Osteoarthritis of the spine

Specialty of Rheumatology

What is spinal osteoarthritis?

Spinal osteoarthritis is a degenerative disease that affects the spine, causing the cartilage between the vertebrae to wear out. This can in turn cause significant pain in your back.

Spinal osteoarthritis is a common condition in the UK and low back pain is the most frequent cause of work sick days.

What are the symptoms of spinal osteoarthritis?

In many cases, spinal osteoarthritis is present without symptoms, which is why it is often diagnosed incidentally by radiographs that are performed for other reasons. When symptoms do occur they can include:

  • pain in the back, in the buttock or in the posterior compartment of the thigh, when moving or when carrying some weight
  • in later stages, sciatica, which can include shooting pains down the back and legs, weakness and numbness

What are the causes of spinal osteoarthritis?

Spinal osteoarthritis becomes more common with age, with the majority of people affected over the age of 50. You are more likely to experience the condition if:

· you have a genetic problem that causes your cartilage to degenerate

  • you suffer an injury to your lower back
  • you have an occupation or play a sport that puts repeated stress on the joints in your lower back
  • you are overweight or obese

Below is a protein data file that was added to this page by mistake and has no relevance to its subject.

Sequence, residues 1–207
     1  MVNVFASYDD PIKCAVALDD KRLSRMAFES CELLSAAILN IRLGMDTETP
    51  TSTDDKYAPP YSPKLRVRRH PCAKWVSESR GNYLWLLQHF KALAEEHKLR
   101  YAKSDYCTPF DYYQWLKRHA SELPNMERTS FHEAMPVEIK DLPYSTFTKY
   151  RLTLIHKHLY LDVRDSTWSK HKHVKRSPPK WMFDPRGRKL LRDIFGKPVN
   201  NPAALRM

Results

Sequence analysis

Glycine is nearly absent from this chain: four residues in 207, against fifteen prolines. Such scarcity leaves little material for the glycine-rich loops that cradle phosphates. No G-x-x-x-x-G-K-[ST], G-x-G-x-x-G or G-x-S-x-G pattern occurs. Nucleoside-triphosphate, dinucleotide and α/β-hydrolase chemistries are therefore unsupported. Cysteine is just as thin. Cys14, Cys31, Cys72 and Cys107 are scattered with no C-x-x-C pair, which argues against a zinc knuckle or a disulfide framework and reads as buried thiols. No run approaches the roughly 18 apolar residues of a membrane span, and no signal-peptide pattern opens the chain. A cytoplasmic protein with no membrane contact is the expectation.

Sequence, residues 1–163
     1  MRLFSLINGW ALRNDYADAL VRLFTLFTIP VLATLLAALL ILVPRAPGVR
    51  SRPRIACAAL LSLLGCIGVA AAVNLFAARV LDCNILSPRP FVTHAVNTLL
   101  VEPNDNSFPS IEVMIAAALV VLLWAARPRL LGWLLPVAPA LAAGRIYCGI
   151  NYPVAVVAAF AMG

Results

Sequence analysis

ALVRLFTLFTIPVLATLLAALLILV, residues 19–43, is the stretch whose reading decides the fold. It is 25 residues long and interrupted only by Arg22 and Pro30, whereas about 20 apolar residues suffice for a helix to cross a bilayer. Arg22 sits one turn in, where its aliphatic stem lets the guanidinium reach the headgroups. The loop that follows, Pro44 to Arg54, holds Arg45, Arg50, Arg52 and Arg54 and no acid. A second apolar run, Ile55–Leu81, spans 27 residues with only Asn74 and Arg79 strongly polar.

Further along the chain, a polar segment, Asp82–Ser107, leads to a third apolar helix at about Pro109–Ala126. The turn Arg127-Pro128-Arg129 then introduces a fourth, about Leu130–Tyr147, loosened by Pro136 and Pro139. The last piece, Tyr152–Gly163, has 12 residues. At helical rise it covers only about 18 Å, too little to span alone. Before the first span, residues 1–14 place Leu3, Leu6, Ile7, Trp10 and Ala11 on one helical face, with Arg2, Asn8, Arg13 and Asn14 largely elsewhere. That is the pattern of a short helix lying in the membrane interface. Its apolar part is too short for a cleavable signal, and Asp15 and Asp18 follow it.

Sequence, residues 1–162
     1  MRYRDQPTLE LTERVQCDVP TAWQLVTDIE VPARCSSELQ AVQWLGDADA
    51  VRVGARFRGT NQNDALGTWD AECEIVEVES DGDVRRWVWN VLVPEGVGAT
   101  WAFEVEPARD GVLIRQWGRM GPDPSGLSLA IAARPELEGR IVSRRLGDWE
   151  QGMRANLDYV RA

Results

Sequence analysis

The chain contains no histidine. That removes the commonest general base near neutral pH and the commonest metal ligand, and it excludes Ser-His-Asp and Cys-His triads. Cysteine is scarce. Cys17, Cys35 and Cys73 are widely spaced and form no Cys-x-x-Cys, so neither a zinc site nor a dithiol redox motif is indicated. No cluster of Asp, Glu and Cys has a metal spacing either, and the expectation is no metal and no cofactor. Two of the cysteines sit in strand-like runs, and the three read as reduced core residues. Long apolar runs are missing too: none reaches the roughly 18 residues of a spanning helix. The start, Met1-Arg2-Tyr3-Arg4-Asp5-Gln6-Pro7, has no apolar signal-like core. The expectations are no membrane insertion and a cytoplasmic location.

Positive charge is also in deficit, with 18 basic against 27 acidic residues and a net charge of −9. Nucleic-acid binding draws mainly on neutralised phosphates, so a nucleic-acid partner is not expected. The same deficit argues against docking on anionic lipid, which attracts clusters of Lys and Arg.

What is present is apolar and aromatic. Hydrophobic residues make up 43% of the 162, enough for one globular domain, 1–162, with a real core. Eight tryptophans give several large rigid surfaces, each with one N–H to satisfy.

Over the age of 50, men are more likely to experience spinal osteoarthritis than women.

Can spinal osteoarthritis be prevented?

Although you cannot prevent osteoarthritis, you can reduce your chances of developing the condition by:

  • maintaining good posture at work

· making sure any heavy lifting is carried out properly and with good form

  • keeping physically active
  • maintaining a healthy weight

How is spinal osteoarthritis diagnosed?

If you visit the GP with pain in your lower back they are likely to refer you for a scan such as an X-ray or MRI. This will allow a radiologist to see the bones and joints in your lower back clearly and examine any potential damage to the cartilage. You may also undergo blood tests to rule out other causes of your symptoms.

How is spinal osteoarthritis treated?

The first line of treatment is investigating what you can do yourself to improve the condition.

If you are overweight or do not do any exercise, then making lifestyle changes to achieve a healthy weight and become physically active can make significant difference to the symptoms you experience. Strength-building exercises, for example, can strengthen your muscles, which are in turn better able to support your joints.

Beyond this, treatment can involve:

  • painkillers
  • anti-inflammatory medication
  • massage
  • heat and cold treatment
  • spinal injections

In severe cases, especially in cases of sciatica, a form of spinal surgery known as spinal decompression may be considered. This aims to increase the space in the spinal canal so that the nerves inside are no longer compressed, and no longer cause symptoms of sciatica.

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